Hudson Taylor, founder of Athlete Ally, unfurled a poster in support of adding sexual orientation to Principle 6 during the opening ceremony. Google on Thursday also changed its homepage to show its support of the initiative.

“It is surreal to be here in Sochi in the heart of the games and learn of the arrest of protesters using Principle 6 messaging,” wrote Taylor on his Facebook page after the Olympics officially opened. “It proves with undeniable clarity that these Russian laws contradict everything that the Olympic Movement stands for. We stand in solidarity with them.”

The International Olympic Committee has repeatedly said it has received assurances from the Kremlin that gays and lesbians will not suffer discrimination during the games. Russian President Vladimir Putin told ABC News’ George Stephanopoulos last month those who protest his government’s LGBT rights record will not face prosecution under the country’s controversial law that bans gay propaganda to minors.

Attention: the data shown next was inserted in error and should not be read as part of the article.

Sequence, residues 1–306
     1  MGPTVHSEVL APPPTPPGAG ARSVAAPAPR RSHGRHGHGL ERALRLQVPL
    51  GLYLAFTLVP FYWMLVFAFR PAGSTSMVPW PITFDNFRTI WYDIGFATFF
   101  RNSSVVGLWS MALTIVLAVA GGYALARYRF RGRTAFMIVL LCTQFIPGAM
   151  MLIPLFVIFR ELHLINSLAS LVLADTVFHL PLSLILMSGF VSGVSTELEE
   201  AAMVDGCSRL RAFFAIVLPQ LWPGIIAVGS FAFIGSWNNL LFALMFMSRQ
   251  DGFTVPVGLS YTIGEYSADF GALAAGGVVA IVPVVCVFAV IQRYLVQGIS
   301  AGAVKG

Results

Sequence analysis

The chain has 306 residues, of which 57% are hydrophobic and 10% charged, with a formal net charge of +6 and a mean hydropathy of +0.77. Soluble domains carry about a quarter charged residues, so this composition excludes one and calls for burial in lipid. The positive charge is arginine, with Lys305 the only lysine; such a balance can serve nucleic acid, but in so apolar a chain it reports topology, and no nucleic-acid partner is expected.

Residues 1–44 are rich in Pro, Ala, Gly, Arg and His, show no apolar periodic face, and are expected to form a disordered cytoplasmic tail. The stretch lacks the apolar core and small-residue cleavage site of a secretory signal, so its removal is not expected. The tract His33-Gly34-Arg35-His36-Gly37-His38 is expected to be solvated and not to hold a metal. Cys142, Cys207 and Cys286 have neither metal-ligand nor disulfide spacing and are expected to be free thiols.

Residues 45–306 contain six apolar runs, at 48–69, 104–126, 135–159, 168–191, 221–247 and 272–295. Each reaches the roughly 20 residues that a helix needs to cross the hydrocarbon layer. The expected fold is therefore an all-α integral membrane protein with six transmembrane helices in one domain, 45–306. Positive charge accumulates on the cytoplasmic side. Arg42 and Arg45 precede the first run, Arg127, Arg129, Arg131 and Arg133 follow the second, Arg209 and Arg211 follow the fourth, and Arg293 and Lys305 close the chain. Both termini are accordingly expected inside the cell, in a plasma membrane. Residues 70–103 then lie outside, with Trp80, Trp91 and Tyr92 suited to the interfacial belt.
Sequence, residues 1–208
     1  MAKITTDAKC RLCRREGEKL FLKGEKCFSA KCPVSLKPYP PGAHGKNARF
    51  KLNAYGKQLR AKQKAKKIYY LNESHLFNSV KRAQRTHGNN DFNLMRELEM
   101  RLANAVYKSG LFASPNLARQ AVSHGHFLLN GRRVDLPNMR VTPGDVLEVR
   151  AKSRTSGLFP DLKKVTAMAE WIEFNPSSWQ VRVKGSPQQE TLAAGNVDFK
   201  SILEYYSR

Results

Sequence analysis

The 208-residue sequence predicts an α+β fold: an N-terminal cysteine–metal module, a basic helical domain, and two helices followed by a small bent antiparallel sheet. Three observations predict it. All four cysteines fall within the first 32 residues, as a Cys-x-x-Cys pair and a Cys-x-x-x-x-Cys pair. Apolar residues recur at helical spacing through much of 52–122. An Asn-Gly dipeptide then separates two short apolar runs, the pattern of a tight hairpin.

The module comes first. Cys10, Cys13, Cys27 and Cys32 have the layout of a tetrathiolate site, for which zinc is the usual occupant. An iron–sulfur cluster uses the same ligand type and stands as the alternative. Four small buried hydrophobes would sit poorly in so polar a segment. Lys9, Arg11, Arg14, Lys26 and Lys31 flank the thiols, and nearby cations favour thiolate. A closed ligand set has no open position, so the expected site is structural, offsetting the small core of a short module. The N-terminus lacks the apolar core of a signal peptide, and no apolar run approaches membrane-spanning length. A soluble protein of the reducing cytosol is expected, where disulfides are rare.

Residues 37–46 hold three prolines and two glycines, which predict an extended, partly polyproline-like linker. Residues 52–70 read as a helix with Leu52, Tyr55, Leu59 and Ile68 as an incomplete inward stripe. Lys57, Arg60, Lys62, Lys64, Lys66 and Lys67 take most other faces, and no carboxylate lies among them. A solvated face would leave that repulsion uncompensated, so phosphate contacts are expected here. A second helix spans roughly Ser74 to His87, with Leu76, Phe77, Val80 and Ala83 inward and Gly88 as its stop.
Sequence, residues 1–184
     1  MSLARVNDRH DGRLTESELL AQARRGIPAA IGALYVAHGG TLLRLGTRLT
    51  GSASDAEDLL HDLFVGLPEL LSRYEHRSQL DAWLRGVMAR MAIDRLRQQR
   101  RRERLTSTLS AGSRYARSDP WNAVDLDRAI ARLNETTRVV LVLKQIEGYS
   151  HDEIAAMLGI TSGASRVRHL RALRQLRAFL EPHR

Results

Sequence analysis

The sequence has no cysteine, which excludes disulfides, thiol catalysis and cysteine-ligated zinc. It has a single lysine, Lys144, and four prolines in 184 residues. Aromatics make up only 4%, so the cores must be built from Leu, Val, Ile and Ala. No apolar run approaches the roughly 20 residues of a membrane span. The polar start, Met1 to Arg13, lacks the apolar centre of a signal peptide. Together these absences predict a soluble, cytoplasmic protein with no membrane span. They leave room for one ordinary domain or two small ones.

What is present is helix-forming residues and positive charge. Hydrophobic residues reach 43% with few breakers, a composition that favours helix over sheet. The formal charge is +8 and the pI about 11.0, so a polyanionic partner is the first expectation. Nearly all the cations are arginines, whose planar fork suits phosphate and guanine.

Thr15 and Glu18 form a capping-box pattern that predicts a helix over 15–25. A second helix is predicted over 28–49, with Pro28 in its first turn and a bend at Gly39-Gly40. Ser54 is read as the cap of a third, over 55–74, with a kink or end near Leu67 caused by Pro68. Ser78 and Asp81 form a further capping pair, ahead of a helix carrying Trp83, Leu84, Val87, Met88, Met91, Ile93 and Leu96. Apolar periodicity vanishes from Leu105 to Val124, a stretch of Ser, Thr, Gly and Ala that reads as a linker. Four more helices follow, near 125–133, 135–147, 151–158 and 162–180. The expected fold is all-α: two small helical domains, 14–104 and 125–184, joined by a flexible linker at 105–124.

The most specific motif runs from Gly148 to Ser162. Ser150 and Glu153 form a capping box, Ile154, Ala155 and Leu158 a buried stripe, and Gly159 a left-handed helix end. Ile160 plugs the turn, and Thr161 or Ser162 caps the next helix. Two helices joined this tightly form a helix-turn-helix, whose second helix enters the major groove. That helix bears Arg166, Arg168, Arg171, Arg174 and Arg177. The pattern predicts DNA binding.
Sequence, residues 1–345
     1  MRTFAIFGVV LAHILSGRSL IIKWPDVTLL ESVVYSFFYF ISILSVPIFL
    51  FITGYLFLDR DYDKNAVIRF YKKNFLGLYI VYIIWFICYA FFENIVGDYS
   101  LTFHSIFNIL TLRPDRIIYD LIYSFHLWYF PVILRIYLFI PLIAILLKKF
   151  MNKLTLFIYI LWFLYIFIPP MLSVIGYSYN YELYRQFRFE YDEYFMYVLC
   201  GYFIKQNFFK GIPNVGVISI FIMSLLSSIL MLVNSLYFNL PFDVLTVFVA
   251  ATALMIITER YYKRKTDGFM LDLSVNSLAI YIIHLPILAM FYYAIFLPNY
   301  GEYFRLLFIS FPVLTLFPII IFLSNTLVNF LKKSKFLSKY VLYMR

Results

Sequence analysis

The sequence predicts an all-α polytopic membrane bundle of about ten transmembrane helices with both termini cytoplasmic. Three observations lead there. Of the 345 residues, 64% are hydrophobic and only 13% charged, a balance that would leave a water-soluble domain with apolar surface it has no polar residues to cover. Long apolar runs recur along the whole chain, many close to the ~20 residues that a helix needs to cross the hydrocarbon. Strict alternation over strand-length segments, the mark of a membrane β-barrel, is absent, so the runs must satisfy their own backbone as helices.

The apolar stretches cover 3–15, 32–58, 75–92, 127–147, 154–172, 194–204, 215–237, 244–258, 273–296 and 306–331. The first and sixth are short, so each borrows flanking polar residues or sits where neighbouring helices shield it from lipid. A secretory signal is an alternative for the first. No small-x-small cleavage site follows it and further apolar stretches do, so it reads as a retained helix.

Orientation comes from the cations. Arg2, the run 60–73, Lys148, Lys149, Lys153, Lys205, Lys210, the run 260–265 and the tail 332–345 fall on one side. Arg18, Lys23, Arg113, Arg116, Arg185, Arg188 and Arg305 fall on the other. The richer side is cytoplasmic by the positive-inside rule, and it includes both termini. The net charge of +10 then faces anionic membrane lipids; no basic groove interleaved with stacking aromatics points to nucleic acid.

“We aren’t banning anything, we aren’t rounding up anyone, we have no criminal punishment for such relations unlike many other countries,” said Putin during a Jan. 17 meeting with Olympic volunteers in Sochi. “We have a ban on propaganda of homosexuality and pedophilia, I want to underline that, on propaganda among minors.”

IOC President Thomas Bach said during his speech at the opening ceremony that people should “have the courage to address your disagreements in a peaceful” way and “not on the back of these athletes.”

“Olympic games are always about building bridges about bringing people together,” said Bach before Putin officially opened the games. “Please respect the Olympic message of good will, of tolerance, of excellence, of peace.”

Human Rights Campaign, HRC, Sochi, Russia, gay news, Washington Blade, Winter Olympics